Music app redesign
mobile app prototype
Timeline: 2 Weeks
My Role: User Researcher, UI/UX Designer, Visual Designer
Tools: Adobe Photoshop, InVision
Methods: User Interviews, Competitive Analysis, Rapid Prototyping, Wireframing
How do you make something that is "good" even better?
There are plenty of music streaming apps that currently exist, but none that totally knocks the others out of the waters. Two other UCSD students and I, enrolled in UCSD’s COGS 187A: Usability and Information Architecture, set forth to design everyone’s dream music streaming app with consideration of the apps that are used now.
The design process included user interviews, comparisons of user experiences and workflow, competitive analysis, and finally the redesign (from low fidelity to a working prototype). I participated throughout the whole process but especially specialized in the actual creation and design of the prototypes (drawing out on paper and creating all the screens in Adobe Photoshop for InVision).
View our functional InVision prototype here.
To first get a feel of what type of users exist and what their music listening habits were, we interviewed 9 fellow UCSD students who actively used music streaming apps. The interviews were structured around a list of main questions which prodded the users to reveal their needs and uses for the music streaming app. We also went further with think-alouds to observe how users create, manage, and share their music content to take note of the flow or potential glitches. Ultimately, we collected a handful of user case scenarios and a list of user likes and dislikes for their current music streaming app of choice. This information would later on aid us in our design decisions with creating an adequate music streaming app.
Comparisons of Flow
With pointers from the user interviews, we compared different aspects of music streaming apps side-by-side (mainly centered on scenarios of creating playlists, managing playlists, and sharing playlists). We realized the existing apps were already decent in what they do, but were able to distinguish “good” from “less good” in user experiences and workflows from those scenarios. We would later use the better workflow in our redesign.
For example: Creating a playlist from the playlist page
Upon closer inspection, the navigational structures of music apps is something that involves a lot of design decisions- what should the labels be so users understand what they are, where should items be placed in order for users to find them… and so forth. The more functionality a music app has, the more intricate their navigational structures are. To get an idea of how organization works in a music app, we created hierarchical sitemaps with key page details for Spotify, Soundcloud, and Google Play. From these sitemaps, we learned where it is most natural to place items as well as what to label things.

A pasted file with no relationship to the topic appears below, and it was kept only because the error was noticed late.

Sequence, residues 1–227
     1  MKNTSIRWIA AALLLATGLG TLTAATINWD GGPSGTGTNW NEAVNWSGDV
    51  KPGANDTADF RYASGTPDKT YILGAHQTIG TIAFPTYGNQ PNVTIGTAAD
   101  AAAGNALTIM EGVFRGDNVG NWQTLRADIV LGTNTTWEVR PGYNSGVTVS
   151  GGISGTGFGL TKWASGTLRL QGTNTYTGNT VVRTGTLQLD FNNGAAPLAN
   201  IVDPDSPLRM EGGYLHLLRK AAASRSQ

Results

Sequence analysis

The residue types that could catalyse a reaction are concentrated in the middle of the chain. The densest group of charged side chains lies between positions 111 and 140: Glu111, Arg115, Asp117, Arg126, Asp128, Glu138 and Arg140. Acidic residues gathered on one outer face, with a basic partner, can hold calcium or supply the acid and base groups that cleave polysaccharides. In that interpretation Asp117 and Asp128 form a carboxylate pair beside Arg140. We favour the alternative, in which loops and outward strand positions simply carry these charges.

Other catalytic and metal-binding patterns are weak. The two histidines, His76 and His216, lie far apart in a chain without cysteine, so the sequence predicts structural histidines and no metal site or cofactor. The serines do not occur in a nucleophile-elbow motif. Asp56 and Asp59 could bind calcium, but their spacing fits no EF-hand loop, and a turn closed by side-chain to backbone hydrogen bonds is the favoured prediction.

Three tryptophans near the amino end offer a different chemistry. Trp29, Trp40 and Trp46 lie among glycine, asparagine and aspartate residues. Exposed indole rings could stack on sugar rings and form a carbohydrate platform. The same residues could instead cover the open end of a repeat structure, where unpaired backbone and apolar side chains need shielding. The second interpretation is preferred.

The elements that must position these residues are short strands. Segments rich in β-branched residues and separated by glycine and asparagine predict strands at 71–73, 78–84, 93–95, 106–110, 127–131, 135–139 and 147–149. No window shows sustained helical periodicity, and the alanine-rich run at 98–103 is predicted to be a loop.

Example: Spotify sitemap
Rather than recreating a whole app, we redesigned according to scenarios gathered from user interviews from before.
The scenarios we focused on for our redesign were:
1. Creating a playlist for a specific artist to familiarize themself to prepare for a rave
2. Deleting songs from a playlist that the user no longer likes
We began with sketching out different screens of the app on paper and made design decisions along the way:
After confirming most of the design decisions on the paper sketches as a group, I created the app screens in Photoshop and then imported in InVision. View our functional InVision prototype here: https://invis.io/PX9L4RQE9
Major homepage decisions:
3 main sections of commonly desired functionalities: “Recently Played”, “Recommended for You”, “Trending Among Friends” to reduce clutter
Stream option (similar to Soundcloud) because sharing music with others is an important social feature as well as a key component of successful music apps
Navigational bar at the bottom narrowed down to “Home”, “Search” and “My Music” to show the most often used features, which provided sub-levels for other pages
Categories on the home page would be more personal to the user while the ones on the search (browse) page would be more general (ex: “Recommended for you” vs. Charts and Trending”
Major Creating Playlists decisions:
Search results divided into grouped sections (People/Albums/Songs/Playlists)
Giving users the option to either go to a newly created playlist or back to the user’s original location
Major managing playlists decisions:
Separating user-created playlists from liked playlists for clarity and easier editing purposes
Confirmation statuses for adding and deleting songs that were clearer (ex: popup after a song was added to a playlist that allows users to choose between going to the playlist it was added to or back to the page where they interacted with the song)
Major general decisions:
Naming “People” as a category in “Search” and “My Music” because of the fact that it can include both artists and friends without being vague
Reduction of album cover on album/playlist pages to show users songs without scrolling down
I never truly realized how complicated information or navigation architecture could really be until I faced the intricacies of a music streaming app. The most challenging part of this project was to find even better ways to do things than from what already exists and then basing design decisions off of that. Our final redesign of a music streaming app is something that we hope will fulfill every user’s needs, but doing so in a sleek and intuitive way even moreso than the technologies that exist now. From the redesign project, I’ve learned industry approaches to problems of design beyond just how an app looks while getting more practice with industry tools for UI/UX design such as Photoshop and InVision. I’m looking forward to further put my design and Photoshop skills to work!